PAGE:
Hectic start to political year
After weeks of (cough) summer sun and barbecues, the political year was launched at such a hectic pace this week you could almost smell the burning rubber.
The number of Beehive staffers crowding the Koru lounge en route to the prime minister's annual state of the nation speech in Auckland on Thursday was confirmation, in case you needed it, that the election campaign is well under way.
National's determination to set the pace early was signalled by its decision to call Parliament back in January, a week or so before the traditional February start.
John Key's shock-jock tactic of delivering a state of the nation speech that even National's arch foes were forced to applaud, meanwhile, was a reminder of why he continues to rattle his opponents.
Ideology was left at the door with Key's plan to reward top teachers to keep them in the classroom.
Labour was stuck with a straw man argument that the reforms failed to tackle the other causes of underachievement, like deprivation and poverty.
Labour leader David Cunliffe's dismissal of the plan as underwhelming was also an admission that Key had stolen his thunder.
The Labour leader's state of the nation speech on Monday looks likely to focus on education as part of a wider mantra about the gap between the haves and the have-nots widening under National.
Key's comments on Thursday about the right to a good education being a cornerstone of the egalitarian society were an acknowledgement that National is also picking up on rumblings about inequality.
But Labour still has a challenge pitching its campaign theme against the backdrop of a "rock star" economic recovery which even the likes of the Wall Street Journal have been gushing over.
National's response – don't put it all at risk – may prove more potent among voters hoping to finally reap the dividends of five years of belt-tightening.
But this being an election year nothing can be taken for granted. Anything can, and probably will, happen.
So for those of you who may have forgotten what election campaigns are like, this is a pocket guide to the five things to watch out for.
Pork barrel promises
Austerity has been de rigueur for so long younger voters may have only a hazy recall of the days when elections were won or lost on hip pocket promises. Labour won a tight race in 2005, for instance, on the back of its pledge to scrap interest on student loans and deliver a generous increase in Working for Families.
With the books close to being back in the black, and the 2014 elections shaping up to be just as tight as 2005, politicians could be tempted to break out the chequebook again, however.
Cunliffe launched his political year by declaring he had an extra $1.5 billion to spend after axing old promises to scrap GST on fresh fruit and veges and make the first $5000 of income tax-free.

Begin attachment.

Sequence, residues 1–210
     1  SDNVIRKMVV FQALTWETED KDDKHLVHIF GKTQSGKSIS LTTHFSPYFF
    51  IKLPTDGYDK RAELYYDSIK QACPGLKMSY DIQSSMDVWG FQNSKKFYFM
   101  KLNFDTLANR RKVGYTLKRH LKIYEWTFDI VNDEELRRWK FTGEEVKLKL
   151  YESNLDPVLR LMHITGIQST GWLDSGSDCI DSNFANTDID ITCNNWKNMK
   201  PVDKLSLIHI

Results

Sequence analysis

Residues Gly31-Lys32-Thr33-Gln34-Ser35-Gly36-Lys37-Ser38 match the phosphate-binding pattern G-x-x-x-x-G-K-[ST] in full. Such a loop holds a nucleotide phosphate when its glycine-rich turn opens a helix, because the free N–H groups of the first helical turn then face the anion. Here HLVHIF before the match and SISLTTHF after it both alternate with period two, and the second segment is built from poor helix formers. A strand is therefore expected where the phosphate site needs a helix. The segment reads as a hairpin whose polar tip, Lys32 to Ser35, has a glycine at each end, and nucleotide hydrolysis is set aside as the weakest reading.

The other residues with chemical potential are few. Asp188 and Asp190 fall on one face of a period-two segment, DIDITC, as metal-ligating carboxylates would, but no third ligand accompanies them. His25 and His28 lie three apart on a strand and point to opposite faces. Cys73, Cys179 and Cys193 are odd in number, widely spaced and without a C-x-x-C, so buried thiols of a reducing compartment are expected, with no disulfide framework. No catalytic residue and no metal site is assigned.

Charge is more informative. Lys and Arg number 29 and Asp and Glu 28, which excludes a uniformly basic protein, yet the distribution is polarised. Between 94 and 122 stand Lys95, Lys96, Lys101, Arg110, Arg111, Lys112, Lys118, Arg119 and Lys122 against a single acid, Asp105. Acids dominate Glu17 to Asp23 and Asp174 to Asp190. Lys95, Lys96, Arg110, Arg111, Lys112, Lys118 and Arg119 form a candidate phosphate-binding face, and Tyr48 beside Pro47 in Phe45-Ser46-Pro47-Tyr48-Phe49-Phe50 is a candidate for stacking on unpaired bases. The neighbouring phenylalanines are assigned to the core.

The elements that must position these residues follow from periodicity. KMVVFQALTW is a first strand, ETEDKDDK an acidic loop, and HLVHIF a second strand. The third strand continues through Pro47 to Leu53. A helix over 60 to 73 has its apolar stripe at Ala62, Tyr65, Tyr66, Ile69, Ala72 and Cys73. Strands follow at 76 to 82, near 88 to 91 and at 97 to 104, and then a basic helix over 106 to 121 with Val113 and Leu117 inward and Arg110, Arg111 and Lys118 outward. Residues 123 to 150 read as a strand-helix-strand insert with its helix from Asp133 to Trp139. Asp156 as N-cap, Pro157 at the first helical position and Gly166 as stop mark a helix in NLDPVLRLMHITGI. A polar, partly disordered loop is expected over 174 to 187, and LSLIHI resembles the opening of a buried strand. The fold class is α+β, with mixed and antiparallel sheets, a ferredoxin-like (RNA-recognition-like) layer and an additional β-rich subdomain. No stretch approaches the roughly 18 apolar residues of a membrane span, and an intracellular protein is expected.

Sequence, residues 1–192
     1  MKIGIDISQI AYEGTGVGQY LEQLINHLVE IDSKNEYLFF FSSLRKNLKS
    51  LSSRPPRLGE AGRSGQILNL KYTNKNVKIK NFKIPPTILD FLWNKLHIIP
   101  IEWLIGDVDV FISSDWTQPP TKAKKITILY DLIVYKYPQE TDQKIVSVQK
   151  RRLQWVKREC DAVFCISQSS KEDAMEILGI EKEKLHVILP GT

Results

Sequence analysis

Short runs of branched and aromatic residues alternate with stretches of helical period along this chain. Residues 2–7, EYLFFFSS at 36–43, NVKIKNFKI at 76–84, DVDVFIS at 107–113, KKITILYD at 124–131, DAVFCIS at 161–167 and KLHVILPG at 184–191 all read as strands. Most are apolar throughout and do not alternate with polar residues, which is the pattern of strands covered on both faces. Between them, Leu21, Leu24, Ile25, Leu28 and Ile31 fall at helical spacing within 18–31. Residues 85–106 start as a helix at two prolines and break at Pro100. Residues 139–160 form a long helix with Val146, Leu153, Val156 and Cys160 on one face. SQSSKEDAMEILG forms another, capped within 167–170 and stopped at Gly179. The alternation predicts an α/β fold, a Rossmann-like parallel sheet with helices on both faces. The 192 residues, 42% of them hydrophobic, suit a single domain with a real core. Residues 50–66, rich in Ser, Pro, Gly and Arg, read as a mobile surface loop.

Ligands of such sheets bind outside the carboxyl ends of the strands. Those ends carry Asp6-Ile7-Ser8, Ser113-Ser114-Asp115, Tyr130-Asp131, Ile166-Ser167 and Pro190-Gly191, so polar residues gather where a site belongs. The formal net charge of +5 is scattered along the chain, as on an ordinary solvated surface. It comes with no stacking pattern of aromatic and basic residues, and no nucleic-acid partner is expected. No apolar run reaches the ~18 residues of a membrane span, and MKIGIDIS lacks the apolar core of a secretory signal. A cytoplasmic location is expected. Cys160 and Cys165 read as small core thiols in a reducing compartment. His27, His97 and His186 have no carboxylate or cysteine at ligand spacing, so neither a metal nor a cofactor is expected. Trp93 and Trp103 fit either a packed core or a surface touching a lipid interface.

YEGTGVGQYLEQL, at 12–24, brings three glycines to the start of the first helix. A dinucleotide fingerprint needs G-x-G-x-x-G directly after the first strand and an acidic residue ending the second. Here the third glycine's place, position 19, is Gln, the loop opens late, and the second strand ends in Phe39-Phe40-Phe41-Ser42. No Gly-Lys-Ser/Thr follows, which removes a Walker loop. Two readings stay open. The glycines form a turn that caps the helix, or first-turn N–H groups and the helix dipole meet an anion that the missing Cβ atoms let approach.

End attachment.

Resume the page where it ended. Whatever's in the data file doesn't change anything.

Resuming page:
Meanwhile, Finance Minister Bill English is looking decidedly less flinty after softening his opposition to an extension to paid parental leave. Tax cuts anyone?
Whether it be caging themselves in support of animal welfare, kissing babies, eating live huhu grubs, planking, dressing up in silly gear or doing the latest dance craze, anything goes for our politicians on the campaign trail, so long as it gets them on the telly.
The flip side is that even with a legion of spin doctors, advance scouts and others watching out for them, things can easily go pear-shaped. Remember the teapot tapes?
In these days of Twitter, 24/7 news and YouTube, the diaries of party leaders are guarded like Fort Knox. Advance notice gives their opponents time to organise a protest or cook up ways to sabotage the event or embarrass them.
Consequently, there is a bit of cloak and dagger when it comes to advising media where they need to be. A few days out they might know the name of the city so they can book their flights, but they won't know the venue till a few hours in advance.
Scandals can derail an election campaign. That is why politicians love them. But scandals can also backfire in spectacular fashion. The air finally went out of Labour's election campaign in 2008 when it was discovered it had been trawling through court records trying to dig up dirt on Key.
Thought you could escape the election by turning off your telly and refusing to pick up a newspaper? Think again. You can barely move for tripping over a politician and their entourage of minders, MPs, police, cameras and journalists at the local shopping mall some days.
Fortunately you will get plenty of time to see them coming.
The Dominion Post